Brighton and Hove City Council has scrapped the sale of two downland sites at Poynings and Plumpton after a public outcry prompted a review.
The decision is expected to rubberstamped at a policy committee meeting in early May.
Previously councillors were told that the money raised from selling the land would help fund the Stanmer Park restoration project.
But officials are now confident that they can raise the money that they need from other sources.
The council said today (Tuesday 21 March): “The council has been considering the sale of two small downland sites at Poynings and Plumpton for several years.
“The sale was previously approved by committee in 2014 and 2016. These heavily protected sites were due to be sold for continued agricultural use, not development.
“After reviewing the situation, a cross-party policy review panel has taken the view that the sites at Poynings and Plumpton should not be sold at this time.
“The panel’s recommendation was made after councillors looked at the council’s approach to the Downland Asset Management Policy and heard evidence from expert witnesses.
“The sale of the sites was due to generate an estimated £360,000 and, if approved at committee, would result in a shortfall of the projected budget.
“The cross-party working panel will meet for two further meetings to complete their review of the city’s Urban and Rural Asset Management Policy.
“The panel’s work includes hearing further evidence from local stakeholders and experts before reporting back with all their recommendations to May’s Policy, Resources and Growth Committee where the final decisions will be made.”
Green councillor Ollie Sykes, a member of the cross-party policy review panel, said: “Greens welcome the council’s announcement that finally ends the sale of two parts of our downland estate and have worked hard for this decision.
“Observers might wonder what the fuss was about and why people are concerned about selling agricultural land outside our city boundaries, when capital receipts are required for various projects around the city.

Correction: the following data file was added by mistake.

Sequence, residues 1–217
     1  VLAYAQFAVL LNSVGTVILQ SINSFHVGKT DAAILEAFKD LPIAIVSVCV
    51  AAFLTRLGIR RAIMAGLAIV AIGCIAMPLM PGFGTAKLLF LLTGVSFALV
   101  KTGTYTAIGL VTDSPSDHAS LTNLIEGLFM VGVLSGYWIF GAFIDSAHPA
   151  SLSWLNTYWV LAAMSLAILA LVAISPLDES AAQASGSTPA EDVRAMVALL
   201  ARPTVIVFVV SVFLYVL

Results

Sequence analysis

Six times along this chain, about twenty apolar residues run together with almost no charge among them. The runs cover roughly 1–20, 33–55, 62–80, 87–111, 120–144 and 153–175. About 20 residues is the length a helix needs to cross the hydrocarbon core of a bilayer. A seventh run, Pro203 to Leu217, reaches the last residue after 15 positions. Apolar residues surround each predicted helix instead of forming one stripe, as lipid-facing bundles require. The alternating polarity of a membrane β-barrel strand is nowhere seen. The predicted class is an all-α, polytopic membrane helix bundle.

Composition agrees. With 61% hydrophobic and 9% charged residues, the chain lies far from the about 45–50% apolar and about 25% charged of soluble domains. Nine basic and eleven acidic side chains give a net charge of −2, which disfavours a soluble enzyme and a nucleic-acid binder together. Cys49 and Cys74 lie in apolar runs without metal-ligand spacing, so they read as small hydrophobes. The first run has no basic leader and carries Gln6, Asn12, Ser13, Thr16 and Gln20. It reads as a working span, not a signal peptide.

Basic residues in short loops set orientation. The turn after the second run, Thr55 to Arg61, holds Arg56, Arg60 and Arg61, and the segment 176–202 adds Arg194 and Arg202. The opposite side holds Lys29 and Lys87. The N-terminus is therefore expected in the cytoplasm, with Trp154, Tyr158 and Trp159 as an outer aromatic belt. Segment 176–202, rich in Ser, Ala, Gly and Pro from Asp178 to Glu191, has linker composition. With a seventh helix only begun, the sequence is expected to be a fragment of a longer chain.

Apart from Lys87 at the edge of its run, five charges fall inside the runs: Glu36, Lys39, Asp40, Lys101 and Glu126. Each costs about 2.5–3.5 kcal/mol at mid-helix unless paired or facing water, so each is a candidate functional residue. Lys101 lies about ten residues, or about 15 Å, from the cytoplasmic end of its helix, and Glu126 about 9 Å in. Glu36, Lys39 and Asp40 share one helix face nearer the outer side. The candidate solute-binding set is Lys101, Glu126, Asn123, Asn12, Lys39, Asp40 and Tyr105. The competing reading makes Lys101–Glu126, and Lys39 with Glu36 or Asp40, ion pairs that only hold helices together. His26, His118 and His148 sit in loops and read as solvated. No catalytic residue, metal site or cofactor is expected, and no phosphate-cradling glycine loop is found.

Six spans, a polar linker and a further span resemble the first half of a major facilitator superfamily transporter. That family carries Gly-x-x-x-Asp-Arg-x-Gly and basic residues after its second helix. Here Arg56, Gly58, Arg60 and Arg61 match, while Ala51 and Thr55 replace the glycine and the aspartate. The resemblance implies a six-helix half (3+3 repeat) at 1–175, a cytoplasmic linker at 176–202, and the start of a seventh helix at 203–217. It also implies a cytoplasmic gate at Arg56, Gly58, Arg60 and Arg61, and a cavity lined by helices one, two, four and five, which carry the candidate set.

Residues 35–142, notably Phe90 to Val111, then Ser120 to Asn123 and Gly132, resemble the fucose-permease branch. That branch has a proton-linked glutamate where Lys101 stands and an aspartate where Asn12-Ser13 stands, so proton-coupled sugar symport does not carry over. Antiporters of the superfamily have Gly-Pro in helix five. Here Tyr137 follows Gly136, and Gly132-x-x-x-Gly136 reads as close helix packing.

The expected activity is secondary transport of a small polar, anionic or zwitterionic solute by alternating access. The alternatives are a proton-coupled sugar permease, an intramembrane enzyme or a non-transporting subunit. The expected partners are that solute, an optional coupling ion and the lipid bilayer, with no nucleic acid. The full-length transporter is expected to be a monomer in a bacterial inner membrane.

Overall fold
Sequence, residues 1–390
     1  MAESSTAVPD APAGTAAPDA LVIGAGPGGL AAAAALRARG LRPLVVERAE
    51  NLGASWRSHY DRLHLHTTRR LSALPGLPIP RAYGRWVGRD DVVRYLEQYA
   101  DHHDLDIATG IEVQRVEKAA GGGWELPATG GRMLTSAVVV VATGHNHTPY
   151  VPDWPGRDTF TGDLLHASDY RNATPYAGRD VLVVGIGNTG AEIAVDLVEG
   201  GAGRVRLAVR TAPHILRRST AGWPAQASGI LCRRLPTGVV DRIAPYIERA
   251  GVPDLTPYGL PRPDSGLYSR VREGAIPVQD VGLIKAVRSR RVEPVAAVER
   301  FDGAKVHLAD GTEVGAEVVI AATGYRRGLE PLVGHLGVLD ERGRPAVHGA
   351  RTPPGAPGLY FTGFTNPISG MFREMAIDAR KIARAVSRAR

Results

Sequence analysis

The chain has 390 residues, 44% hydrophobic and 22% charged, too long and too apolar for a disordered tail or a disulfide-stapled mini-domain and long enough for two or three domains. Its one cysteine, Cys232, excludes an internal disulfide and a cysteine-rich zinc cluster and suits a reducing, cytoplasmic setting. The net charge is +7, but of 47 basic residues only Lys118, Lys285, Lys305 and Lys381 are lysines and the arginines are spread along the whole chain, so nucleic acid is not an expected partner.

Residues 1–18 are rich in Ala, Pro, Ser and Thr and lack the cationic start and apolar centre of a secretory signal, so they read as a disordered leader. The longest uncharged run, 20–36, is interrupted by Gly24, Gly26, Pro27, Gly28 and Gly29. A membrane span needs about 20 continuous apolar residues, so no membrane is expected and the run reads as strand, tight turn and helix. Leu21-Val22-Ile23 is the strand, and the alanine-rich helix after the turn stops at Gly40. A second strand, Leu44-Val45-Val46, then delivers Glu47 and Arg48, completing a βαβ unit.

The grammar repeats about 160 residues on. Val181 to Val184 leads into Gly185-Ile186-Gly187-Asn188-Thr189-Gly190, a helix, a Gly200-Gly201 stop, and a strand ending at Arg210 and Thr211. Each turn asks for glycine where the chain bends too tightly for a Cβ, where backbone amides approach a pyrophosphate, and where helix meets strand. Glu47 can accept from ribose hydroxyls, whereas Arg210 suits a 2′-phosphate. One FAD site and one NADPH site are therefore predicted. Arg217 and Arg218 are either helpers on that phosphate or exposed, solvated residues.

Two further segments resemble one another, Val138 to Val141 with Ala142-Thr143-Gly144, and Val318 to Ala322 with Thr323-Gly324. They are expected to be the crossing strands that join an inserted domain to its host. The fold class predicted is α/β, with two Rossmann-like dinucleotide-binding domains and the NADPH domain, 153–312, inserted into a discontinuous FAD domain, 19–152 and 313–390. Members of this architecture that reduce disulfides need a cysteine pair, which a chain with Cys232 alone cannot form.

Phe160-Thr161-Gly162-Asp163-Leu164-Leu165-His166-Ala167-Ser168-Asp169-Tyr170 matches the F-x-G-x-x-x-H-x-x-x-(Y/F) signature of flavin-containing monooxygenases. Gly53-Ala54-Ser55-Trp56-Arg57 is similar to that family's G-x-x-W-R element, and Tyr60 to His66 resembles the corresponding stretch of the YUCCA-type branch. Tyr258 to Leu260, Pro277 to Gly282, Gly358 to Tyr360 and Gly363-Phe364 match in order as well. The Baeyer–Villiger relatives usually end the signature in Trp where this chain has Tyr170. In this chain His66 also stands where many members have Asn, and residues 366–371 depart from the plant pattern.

“One part of the answer to this question lies in the fate of land on the Devil’s Dyke estate sold recently by our council, on which ancient woodland trees have been felled in the past few weeks.
“A number of commentators, including the CEO of the South Downs National Park Authority, have stated that public ownership is the best protection for precious rural landholdings.
“At the root of public ownership lies democratic oversight. Sale, lease and change of use of land in public ownership is subject to scrutiny by members of the public and by elected representatives.
“Land in private ownership is not, even if it is protected by national designations for biodiversity, heritage, landscape, water provision and public rights of way.
“My big fear through this process was that if these parcels of land were sold, the enforcement of designations protecting their status and social value would pass to a suite of chronically under-resourced public sector bodies whose environmental protection mandate continues to be diluted by national government.
“Also some of the existing protections are only in place because of European legislation, which may soon become irrelevant.
“The South Downs is an iconic landscape and habitat of huge importance to our city and nationally. It’s great news that we’re not going to sell it off bit by bit.”
Chris Todd, from Brighton and Hove Friends of the Earth, said: “It’s welcome news that these downland sites will be safeguarded by continued public ownership.
“This is a vindication of our belief that enough money had already been raised without the need to sell these important assets.
“Following the recent protests in Eastbourne and Brighton, politicians across Sussex have been reminded just how strongly people feel about their ownership of the South Downs.
“Rather than seeing these landholdings as liabilities, councils need to start making more of their benefits.”